Coming of age movies have been around for decades. Most of these movies are centered around young men. Female characters in these films are usually limited in both the number of characters and their ability to grow beyond a basic character type.
In the new movie, Booksmart, Molly (Beanie Feldstein) and Amy (Kaitlyn Dever) are best friends who are about to graduate high school. The last four years have been all work and no play for the girls. Operating with the belief that their classmates are more interested in the social aspects of high school than the academic aspects of high school, Molly and Amy are shocked to hear that they are not the only ones who prioritize school work.
Wanting to make up for the last four years in one night, the girls decide to make the night a memorable one.
Directed by actor Olivia Wilde (making her directing debut) and written by four female writers, this film takes the basic buddy comedy/coming of age film and elevates it to a new level. Taking the place of traditional male leads, Molly and Amy are intelligent, determined and political without hitting the audience over the head. They are also honest and have a bit of a potty mouth, which works perfectly for these characters and their narrative.
The film also speaks to the oh sh*t moment that most, if not all us realize the night before we are to graduate high school. Our lives are about to change, the four years that we thought would last forever went by in a flash. It is a reminder (though we may not be cognizant at the time), that life goes by fast. Stopping to smell the roses wouldn’t hurt every once in a while.
When the Twin Towers fell on September 11th, 2001, those who were lucky enough the survive the falling of the towers ran from the towers with everything they had. While they ran from the smoldering ashes, the first responders ran toward the smoldering ashes. One of those first responders died today.
Detective Luis Alvarez passed away today at the young age of 53. He spent three months after 9/11 searching for survivors in the rubble. A few weeks ago, Detective Alvarez was among the first responders who testified with Jon Stewart to remind Congress of their responsibility to extend the September 11th Victim Compensation Fund.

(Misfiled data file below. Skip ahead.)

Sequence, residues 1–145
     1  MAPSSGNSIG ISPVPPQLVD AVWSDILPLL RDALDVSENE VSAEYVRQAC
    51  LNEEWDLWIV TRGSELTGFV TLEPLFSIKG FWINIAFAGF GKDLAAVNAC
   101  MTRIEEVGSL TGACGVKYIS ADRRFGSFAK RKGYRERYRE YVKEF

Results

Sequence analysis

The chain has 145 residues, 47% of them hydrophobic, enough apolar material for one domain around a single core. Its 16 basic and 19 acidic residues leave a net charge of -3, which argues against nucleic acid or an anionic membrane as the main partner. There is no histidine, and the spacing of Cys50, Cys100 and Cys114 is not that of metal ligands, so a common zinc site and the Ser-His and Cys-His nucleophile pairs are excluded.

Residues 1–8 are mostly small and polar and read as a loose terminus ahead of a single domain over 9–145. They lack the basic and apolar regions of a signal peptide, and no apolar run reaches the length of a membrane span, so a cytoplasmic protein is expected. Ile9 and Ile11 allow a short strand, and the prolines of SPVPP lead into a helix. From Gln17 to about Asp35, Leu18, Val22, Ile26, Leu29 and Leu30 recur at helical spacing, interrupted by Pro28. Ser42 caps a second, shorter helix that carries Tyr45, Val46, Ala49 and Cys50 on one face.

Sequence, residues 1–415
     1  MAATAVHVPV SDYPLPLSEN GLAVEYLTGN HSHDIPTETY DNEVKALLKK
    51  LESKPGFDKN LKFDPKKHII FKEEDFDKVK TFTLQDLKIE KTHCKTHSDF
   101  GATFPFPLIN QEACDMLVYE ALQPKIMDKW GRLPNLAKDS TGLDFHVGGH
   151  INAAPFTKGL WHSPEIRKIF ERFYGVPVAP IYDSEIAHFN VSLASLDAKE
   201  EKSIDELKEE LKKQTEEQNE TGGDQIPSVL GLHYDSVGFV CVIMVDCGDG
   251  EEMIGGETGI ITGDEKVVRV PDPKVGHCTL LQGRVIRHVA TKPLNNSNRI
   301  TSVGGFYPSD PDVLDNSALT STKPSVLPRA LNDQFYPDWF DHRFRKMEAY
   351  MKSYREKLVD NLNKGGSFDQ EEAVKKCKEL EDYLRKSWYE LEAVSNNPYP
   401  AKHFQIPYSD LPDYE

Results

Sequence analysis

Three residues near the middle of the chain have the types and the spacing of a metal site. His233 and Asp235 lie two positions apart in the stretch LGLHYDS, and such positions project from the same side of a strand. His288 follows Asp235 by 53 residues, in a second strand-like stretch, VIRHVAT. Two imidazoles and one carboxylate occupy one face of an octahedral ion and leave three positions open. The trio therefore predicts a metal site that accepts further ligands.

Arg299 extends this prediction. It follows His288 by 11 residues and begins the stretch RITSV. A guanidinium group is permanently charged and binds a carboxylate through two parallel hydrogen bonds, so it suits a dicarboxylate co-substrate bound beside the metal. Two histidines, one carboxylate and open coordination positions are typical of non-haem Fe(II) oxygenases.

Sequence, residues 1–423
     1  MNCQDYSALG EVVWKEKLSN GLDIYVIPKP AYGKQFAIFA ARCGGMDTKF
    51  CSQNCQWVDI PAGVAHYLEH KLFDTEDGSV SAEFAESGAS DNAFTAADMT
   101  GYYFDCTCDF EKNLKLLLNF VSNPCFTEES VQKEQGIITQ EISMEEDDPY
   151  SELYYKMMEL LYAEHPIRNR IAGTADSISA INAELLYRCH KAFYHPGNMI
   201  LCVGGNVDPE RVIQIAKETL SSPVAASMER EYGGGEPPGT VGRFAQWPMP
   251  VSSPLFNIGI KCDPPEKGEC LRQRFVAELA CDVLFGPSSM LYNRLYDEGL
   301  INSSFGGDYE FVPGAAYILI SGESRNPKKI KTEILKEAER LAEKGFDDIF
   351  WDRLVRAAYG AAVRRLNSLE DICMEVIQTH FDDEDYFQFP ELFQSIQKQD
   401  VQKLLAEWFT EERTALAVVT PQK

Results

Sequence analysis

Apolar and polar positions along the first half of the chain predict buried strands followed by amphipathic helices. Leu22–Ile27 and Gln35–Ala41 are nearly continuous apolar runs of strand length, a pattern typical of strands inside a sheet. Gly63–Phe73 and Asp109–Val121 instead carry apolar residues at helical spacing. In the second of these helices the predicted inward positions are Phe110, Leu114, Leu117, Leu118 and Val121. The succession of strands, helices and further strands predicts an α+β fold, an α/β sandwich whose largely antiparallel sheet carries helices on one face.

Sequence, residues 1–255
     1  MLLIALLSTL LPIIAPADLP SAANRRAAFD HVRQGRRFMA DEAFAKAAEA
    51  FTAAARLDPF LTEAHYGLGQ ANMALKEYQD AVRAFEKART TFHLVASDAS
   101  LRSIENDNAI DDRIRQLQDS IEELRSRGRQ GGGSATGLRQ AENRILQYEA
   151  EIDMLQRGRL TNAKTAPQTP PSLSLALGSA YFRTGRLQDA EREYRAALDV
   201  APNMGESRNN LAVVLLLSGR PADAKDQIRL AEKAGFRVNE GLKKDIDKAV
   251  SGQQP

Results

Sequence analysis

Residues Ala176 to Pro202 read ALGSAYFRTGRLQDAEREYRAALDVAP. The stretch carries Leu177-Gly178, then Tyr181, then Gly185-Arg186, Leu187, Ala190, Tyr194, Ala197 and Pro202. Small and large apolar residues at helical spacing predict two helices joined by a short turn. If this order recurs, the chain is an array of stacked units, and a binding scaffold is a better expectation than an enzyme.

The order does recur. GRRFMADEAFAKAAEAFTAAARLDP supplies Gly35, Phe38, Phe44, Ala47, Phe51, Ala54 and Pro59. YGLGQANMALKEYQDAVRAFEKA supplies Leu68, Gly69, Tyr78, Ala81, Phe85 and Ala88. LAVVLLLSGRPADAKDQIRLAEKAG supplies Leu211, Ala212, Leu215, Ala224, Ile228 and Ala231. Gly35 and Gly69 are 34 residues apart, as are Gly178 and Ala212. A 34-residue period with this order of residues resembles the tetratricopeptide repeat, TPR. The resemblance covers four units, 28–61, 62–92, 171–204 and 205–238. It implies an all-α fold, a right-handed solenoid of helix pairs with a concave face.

Detective Alvarez is a hero in every sense of the word. A hero is defined (at least in my book), as someone who acts in the interests of others. Putting everything else on hold (his health included), he was one of many who acted in the interest of the city and the survivors.
Major change for good comes when we stand up against hatred and prejudice.
This weekend, we remember the Stonewall riots at the Stonewall Inn in New York City and celebrate the remarkable achievements and opportunities that the LGBTQ community has had since then.
Coming out of the closet is often a painful years long process of learning to love yourself and finding the courage to tell the ones you love who you truly are. If you are lucky, your relationship with your loved ones will not change. But not everyone is so lucky.
This week, The Brian Lehrer Show discussed various aspects of the modern LGBTQ movement and how it was created by the Stonewall riots. Yesterday, one of the callers was a woman named Lisa. Lisa called in to tell the story of her son’s coming out and the reaction to the revelation of who he revealed himself to be. The call starts at 21:02.
I would hope that when one comes out, they are seen by their loved ones and their community as no different than before coming out. But the reality is that many members of the LGBTQ community are often ostracized and forced out of their families and communities because they do not fit into the traditional hetero-normative/binary labels.
Change, especially on the cultural and legislative levels, does not not happen in an instant. It takes years of work, fighting for acceptance and facing the demons of the past. But it does happen if you believe and continue to push for it. The members of the LGBTQ community have proved that and will continue to use that model to inspire all of us to push for a just and equal society.
I’ve often spoken about the Columbine shooting and the unnecessary loss of young life twenty years ago. Back then, it was front page news for weeks on end.
These days, mass shootings in the United States are just another blip on list of daily news headlines. The headline may last a week at best on the front page before it slowly fades from the nation’s consciousness.
Earlier this week, Madonna released her new music video. Entitled God Control, the video tells the story of a fictional shooting in an New York City nightclub similar to the massacre at the nightclub in Orlando three years ago.
I will warn you that the video does contain graphic imagery.
There is enormous power in celebrity. In using her voice and her music, Madonna speaks of the heartache and grief that gun violence creates. We need sensible gun control laws. There has to be a way to respect the 2nd Amendment and responsible gun owners while protecting innocent people.
My hope (though it often springs eternal) is that one of these days, sensible gun laws will be the law of the land. Until then, we will continue to grieve for those who are killed simply because they are in the wrong place at the wrong time.